First-time contributor Julissa Treviño sends this report from her Rahr Brewery Tour:
“It’s really refreshing to see what’s going on in Texas,” said Fritz Rahr, owner of Rahr & Sons Brewery in Fort Worth, of the recent craft beer boom in the state.
On Saturday afternoon, the Rahr brewery in the Near Southside neighborhood was packed with a few hundred sweaty beer lovers. Temps hit the high 90s, and the brewery has no air conditioning. Luckily, the open backdoor let in a breeze. Four long, wooden picnic tables stretch across the warehouse, but many of the visitors here have brought their own lawn chairs.
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The Rahr warehouse looks like it’s in the middle of nowhere—the streets are potholed, the houses nearby are rundown—but walk several blocks in any direction and you’ll find downtown Fort Worth on one side and the up-and-coming Magnolia Ave. and Fairmount District on the other. Every Saturday and Wednesday, the brewery opens its doors to the public for a few hours. Seven dollars gets you a pint glass and three pints of your choice of beer (from a selection of four or five beers on tap) and a tour—sometimes by Fritz Rahr himself.
“What happened in Colorado 10 years ago is now happening in Texas,” Rahr tells a tour crowd near the end of the tour. Rahr is referring to the consistently growing craft beer industry in Texas. So far this year, Texas Beer, a blog dedicated to the craft beer industry in the state, has logged the opening of three new breweries. One more is slated to open later this year, and at least eight more are in the works.
With the influx of new craft breweries, some bloggers and beer lovers in the state have wondered how brewers plan to keep their businesses fresh and competitive. Rahr isn’t worried.
“We were one of the first three or four [craft breweries] in Texas,” says Rahr, who opened up his business in 2004. While many breweries are crafting unique, sometimes unheard-of styles of beer (like the newly opened Cedar Park-based Twisted X Brewing Co.’s Jalapeño-Infused Tex-Mex Pilsner, “we brew a real style of easy-drinking lager… All of our beers are core brands of session beer,” he says. Session beer generally has a low or moderate alcohol content; it’s intended for social drinking.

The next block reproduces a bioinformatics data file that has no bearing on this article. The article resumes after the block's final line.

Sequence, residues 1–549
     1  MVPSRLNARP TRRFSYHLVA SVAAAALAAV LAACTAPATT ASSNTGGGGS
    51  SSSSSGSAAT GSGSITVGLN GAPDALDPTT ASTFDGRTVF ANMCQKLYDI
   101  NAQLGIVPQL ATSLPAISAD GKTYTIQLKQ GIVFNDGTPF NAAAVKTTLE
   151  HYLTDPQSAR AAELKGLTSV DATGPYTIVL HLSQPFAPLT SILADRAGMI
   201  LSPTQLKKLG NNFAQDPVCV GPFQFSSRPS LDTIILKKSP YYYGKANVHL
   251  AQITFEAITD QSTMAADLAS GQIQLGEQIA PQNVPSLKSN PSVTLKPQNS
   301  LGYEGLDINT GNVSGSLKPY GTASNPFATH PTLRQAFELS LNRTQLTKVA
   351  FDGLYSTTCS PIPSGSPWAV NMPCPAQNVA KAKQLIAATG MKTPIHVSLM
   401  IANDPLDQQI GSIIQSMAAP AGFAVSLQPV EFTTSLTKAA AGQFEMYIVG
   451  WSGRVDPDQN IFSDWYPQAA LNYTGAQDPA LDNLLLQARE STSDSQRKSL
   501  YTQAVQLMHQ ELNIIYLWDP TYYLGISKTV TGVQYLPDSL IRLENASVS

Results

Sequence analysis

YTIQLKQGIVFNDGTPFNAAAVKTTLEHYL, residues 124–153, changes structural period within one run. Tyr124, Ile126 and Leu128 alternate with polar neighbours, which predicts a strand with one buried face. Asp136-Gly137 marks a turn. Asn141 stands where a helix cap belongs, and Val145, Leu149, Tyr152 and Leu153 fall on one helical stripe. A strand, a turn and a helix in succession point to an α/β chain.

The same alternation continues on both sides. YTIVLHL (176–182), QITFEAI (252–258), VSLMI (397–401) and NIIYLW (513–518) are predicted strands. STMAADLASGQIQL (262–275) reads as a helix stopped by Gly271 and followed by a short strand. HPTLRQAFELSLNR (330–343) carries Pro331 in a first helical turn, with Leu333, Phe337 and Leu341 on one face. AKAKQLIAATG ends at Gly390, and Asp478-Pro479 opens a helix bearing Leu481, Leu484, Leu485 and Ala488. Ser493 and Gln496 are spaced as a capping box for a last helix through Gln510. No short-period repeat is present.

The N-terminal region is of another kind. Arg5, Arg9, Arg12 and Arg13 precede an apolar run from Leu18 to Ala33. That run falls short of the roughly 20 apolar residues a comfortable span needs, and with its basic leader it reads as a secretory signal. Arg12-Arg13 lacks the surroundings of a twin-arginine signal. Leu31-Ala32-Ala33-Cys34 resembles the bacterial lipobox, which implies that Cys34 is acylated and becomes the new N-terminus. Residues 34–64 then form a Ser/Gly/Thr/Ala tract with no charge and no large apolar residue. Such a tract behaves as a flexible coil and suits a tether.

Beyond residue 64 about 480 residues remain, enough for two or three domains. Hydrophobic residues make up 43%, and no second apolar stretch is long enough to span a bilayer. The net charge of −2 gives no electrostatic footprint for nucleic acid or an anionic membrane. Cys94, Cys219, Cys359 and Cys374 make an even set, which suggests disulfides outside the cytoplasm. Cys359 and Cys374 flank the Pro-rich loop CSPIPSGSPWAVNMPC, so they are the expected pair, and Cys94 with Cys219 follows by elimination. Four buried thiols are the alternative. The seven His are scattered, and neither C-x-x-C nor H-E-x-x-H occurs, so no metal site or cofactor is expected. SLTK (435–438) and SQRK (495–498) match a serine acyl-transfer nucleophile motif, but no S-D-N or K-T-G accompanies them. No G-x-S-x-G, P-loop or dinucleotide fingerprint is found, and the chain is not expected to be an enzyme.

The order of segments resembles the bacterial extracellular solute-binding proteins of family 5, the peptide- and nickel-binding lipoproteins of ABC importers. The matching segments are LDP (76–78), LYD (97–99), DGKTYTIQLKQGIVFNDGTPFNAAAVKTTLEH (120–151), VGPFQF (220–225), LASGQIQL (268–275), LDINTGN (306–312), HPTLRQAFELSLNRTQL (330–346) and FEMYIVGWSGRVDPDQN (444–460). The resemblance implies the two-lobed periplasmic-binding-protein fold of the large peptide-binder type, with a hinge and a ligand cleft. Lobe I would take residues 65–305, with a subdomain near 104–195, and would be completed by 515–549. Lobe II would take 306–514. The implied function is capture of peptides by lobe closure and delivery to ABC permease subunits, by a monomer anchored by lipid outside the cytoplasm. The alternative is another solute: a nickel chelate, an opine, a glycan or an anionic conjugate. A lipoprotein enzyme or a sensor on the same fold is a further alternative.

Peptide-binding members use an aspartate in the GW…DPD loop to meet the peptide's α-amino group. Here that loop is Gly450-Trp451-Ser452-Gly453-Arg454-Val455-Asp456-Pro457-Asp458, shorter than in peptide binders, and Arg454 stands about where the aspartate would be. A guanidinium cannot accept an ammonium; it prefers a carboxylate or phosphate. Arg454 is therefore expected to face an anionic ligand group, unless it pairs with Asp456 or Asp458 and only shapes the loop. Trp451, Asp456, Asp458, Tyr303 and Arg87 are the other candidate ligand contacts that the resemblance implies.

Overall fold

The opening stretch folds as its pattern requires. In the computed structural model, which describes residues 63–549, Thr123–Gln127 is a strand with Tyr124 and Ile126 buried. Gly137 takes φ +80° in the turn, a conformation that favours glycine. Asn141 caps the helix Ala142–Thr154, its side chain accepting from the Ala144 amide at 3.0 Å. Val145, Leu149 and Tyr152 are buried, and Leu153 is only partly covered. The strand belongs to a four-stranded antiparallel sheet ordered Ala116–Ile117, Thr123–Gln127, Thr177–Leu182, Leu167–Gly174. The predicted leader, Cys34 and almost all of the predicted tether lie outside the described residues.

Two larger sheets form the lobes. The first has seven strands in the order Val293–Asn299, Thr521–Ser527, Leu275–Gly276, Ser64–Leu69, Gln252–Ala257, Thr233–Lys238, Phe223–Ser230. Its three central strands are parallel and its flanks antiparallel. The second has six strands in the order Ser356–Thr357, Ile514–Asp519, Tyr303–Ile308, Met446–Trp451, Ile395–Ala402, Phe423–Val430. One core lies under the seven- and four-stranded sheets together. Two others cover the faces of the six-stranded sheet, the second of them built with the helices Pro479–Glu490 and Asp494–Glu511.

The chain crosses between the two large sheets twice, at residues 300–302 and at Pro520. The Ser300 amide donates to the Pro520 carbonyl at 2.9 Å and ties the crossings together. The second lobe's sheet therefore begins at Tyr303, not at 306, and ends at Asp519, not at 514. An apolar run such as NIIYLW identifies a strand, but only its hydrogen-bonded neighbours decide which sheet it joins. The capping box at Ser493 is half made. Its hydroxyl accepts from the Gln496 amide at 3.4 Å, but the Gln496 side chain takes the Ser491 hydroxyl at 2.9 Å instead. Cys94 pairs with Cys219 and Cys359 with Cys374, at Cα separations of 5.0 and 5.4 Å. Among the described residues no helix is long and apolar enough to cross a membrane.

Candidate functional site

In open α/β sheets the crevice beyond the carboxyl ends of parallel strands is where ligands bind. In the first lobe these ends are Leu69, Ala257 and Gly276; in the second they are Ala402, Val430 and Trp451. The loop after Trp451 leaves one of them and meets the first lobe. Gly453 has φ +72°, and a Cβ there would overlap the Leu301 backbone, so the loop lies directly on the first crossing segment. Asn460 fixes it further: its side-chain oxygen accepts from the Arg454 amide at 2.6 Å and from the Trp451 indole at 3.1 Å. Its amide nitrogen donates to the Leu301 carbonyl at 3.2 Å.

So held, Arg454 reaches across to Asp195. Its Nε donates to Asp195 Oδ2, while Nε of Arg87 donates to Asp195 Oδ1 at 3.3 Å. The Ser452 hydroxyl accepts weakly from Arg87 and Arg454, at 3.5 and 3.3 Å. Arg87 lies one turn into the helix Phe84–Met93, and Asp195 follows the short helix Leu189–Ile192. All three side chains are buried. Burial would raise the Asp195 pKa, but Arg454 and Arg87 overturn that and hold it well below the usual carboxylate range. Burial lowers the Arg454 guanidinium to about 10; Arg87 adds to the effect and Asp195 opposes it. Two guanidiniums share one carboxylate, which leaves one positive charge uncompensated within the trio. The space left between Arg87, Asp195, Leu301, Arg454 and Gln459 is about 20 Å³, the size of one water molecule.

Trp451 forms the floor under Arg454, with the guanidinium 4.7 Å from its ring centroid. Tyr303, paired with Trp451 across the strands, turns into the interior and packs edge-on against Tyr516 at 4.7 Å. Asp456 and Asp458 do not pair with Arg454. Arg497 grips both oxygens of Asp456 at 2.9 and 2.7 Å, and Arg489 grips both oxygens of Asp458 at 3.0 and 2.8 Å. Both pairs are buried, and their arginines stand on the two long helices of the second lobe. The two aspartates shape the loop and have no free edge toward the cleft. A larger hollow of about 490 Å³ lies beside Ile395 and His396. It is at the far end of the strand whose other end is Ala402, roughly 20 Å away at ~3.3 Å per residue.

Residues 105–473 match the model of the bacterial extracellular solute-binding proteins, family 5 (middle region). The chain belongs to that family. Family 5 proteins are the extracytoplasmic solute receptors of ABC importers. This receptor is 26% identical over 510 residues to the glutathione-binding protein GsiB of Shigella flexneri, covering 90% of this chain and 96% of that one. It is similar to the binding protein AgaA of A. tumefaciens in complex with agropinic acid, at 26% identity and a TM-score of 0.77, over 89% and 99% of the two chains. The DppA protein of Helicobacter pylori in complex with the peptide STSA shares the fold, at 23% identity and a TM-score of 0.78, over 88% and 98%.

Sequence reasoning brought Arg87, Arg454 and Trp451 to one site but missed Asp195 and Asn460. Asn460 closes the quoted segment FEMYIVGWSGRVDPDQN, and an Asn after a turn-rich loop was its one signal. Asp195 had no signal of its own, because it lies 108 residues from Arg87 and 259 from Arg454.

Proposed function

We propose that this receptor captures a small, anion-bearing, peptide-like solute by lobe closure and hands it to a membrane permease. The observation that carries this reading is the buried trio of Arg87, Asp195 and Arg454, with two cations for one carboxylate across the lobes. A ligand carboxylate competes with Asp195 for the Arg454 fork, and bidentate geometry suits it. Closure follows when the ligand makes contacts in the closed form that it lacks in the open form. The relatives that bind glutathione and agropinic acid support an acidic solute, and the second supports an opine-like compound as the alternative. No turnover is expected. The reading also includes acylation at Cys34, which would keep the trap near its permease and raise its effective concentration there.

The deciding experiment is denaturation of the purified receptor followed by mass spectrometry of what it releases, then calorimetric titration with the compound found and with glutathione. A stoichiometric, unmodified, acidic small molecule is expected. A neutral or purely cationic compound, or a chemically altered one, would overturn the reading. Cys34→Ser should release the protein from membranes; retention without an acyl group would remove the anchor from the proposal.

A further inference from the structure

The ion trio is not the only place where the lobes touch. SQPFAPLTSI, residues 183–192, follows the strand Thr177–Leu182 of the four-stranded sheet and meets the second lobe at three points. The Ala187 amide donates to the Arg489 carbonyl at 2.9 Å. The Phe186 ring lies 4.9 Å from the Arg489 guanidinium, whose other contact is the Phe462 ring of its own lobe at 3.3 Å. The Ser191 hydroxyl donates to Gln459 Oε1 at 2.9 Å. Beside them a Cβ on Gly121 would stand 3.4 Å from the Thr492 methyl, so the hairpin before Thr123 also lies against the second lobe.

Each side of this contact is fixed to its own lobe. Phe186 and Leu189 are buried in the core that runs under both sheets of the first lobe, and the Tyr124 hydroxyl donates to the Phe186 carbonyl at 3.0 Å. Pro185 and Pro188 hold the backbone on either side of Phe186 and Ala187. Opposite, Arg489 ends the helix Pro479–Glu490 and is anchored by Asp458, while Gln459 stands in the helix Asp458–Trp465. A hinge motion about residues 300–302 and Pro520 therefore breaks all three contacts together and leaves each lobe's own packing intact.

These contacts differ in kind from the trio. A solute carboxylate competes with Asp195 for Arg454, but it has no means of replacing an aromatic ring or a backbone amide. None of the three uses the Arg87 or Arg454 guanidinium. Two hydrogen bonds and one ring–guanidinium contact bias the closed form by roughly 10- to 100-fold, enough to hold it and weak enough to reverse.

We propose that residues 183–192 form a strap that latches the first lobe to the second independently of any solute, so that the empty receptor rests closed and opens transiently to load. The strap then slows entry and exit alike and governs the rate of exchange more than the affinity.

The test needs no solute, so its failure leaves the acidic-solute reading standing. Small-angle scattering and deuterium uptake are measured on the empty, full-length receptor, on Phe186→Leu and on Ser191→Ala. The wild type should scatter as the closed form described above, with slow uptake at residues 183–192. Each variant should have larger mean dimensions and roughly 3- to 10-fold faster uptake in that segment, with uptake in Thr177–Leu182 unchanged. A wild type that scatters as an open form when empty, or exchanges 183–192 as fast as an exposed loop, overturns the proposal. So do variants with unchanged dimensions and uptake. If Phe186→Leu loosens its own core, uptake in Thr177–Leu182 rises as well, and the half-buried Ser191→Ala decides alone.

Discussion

But I think Rahr was selling his brewery short. Rahr & Sons does brew session beers, but let’s not forget about the seasonal brews, the limited edition beers and the small batches of specialty brews it serves up to a very lucky crowd on its Wednesday tours (think Blueberry Wheat, English Red Ale, and a stout that you can’t get anywhere outside the brewery). Regular session beer wouldn’t attract this many people, in this heat.
“Do you have anything special on tap today?” I ask the bartender. “Not today, but try this.” The man, with his distinct Texan accent, grabs my pint glass and fills it up half-way with the brewery’s signature black lager, Ugly Pug. But I choose to have the Stormcloud IPA instead. It’s a light, not-too-hoppy IPA good for a hot day.
Considering the weather, I drink my beer rather quickly as it was getting warmer by the minute. Next, I move on to Summertime Wheat. This current seasonal is a traditional German-style Hefeweizen, and although I don’t usually like wheat beers, I can’t deny its spicy, unfiltered goodness has a certain appeal.
This was a regular brewery tour, but from what I hear, Rahr tours are bigger than most. Each tour is catered by local restaurants (from burgers to Mediterranean food), and many times there’s live music (this Saturday it was acoustic-country duo Hyry and Sullivan). You can probably expect to run into some of the same people, too. The tour has a very home-y feel, but on a much larger scale.
At 2 p.m. (the brewery opened its doors just an hour earlier), the bar had already run out of two of its beers—the Texas Red and the Summertime Wheat. All that’s left now is the Ugly Pug, the Stormcloud IPA, and the Blonde Lager. Beers go quickly here, but people stay and chat for hours. It’s almost like you’re hanging out in your backyard with good beer, good music, good food, and 200 of your closest friends.